Guest blog By Megan Claire – her Blog is Mapping Megan
While I now travel with my husband, I have spent the last 7 years travelling alone, and as a woman I am a huge advocate for travelling solo. I was never willing to forgo a trip just because friends didn’t want to come along, and the experiences I gained from travelling solo have done wonders for my confidence and really shaped who I am today. Not only does travelling alone completely push you out of your comfort zone, it forces you to interact with those who you wouldn’t normally interact with. You’re free to wander at your own will, and don’t have to compromise your bucket list or itinerary to suit the needs of others!
While travelling alone as a single woman may have been a strange concept in the past, today it is very normal and quite common – everybody’s doing it! I have honestly never really found myself in a position where my gender made it harder or more inconvenient for me to travel; however challenges do still exist in some countries despite the world generally being more open to women who choose to travel alone. One such country is the The United Arab Emirates.
The United Arab Emirates is a Muslim country with very strong religious roots, and as with any country, travellers are expected to respect the local culture and customs while there. The UAE is one of the safest places in the world to visit – however I learnt pretty quickly while in Dubai that women travelling alone are somewhat of a novelty, and attract a LOT of unwanted attention. Never once did I feel unsafe while in the UAE, and my trip overall was a phenomenal one; however there were many instances when I felt incredibly uncomfortable.
As such, here are some tips for travelling through the UAE alone as a woman.
The biggest challenge I faced was respecting Islamic traditions while trying to dress for the desert heat! Being a Muslim country, modest dress is expected. Revealing, tight or short clothing is not appropriate by any means, and you will genuinely offend residents by not adhering to a modest dress code. I was asked to put clothing on by a hotel security guard at one point while making my way from the hotel pool back to my room. Singlet tops, spaghetti string shirts or dresses, shorts or short skirts should be left at home. Not only will clothing like this offend the locals, you’ll stick out like a sore thumb, and you’re asking for sexual harassment.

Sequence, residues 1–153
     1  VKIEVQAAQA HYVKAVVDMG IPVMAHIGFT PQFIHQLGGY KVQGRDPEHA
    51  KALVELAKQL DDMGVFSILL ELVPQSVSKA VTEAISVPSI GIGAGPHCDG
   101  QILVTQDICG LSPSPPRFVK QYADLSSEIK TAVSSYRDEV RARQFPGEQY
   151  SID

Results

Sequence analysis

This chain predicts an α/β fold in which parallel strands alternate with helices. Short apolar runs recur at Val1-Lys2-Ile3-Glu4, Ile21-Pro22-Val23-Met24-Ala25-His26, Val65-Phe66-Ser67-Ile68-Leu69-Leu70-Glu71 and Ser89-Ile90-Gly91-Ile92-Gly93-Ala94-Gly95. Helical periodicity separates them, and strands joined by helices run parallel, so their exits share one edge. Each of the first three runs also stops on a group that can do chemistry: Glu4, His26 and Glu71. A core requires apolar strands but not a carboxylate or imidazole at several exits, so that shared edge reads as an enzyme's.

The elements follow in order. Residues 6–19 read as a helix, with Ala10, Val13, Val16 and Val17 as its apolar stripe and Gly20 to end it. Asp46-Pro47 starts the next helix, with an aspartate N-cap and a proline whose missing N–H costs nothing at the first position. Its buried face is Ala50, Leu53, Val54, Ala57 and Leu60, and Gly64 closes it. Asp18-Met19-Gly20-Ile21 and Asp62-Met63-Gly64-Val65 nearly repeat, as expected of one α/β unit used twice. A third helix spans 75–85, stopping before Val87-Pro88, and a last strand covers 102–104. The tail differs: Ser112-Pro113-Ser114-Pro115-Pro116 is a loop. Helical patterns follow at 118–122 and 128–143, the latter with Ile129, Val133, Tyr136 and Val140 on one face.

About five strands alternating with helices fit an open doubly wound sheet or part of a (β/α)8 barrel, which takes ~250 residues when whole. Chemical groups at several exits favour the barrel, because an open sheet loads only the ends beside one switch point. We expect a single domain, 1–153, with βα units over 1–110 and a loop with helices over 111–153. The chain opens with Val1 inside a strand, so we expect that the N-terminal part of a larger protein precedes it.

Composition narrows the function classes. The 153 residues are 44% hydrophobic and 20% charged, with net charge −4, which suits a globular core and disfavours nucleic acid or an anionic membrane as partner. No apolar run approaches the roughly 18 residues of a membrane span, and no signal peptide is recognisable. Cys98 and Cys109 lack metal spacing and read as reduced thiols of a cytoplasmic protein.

Don’t be overly friendly:
One of the biggest reasons to travel is to meet new people, and form new friendships. Immersing yourself fully into another culture and becoming friendly with the locals is how travellers truly experience a destination. However in the UAE, be mindful that acting in a friendly manner, while normal in your home country, can be misinterpreted as an ‘open invitation’ by Muslim men.
I spent a lot of time at the private beach facilities offered by my hotel, which was a big help in escaping unwanted male attention, however there were some times I couldn’t even escape this while on the hotel grounds. During one of the days spent at the hotel, I became lost while walking around the Atlantis water theme park, and ended up underneath the slides in a ‘staff area’. A kind young gentleman escorted me back to the main area of the park, and we engaged in general conversation on the walk. At the end, however, instead of a handshake he went in for a kiss, and only narrowly got my cheek after I turned to avoid his mouth!
I promptly spent $40 on a fake engagement ring to wear around during the rest of my time in Dubai!
The best way to handle unwelcome attention is to completely ignore it. Ignore the wolf whistles – there will be many – and do not engage in eye contact with any strange men trying to grab your attention on street corners. Ignore any unwelcome comments, and if you are being directly harassed, making a lot of noise generally embarrasses the person involved. Police in the UAE take sexual harassment extremely seriously.
The laws in Dubai are incredibly strict when it comes to alcohol consumption. While alcohol itself is not banned, you can only purchase it at Duty Free Shops when entering the country – residents of Dubai need licenses to purchase alcohol from liquor stores, so you won’t be able to as a tourist. Drinks can be purchased at bars, hotel clubs and in restaurants; however it’s honestly not worth it. Being drunk in public is just as serious an offence as drinking and driving.
As mentioned above, travelling alone has many benefits. The great thing about being a woman in the UAE is that women are normally seen first at post offices, banks and police stations, and quite a lot of places have queues set up just for women!
Megan is an Australian Journalist who has been travelling and blogging around the world for the last 7 years to inspire others to embark on their own worldwide adventure! Her husband Mike is an American travel photographer, and together they have made the world their home.
Meg has recently launched “Mapping Megan”, an up and coming travel blog which aims to give you the best tips and advice on travelling, volunteering, living, working and holidaying abroad. She hasn’t been everywhere, but it’s on her list!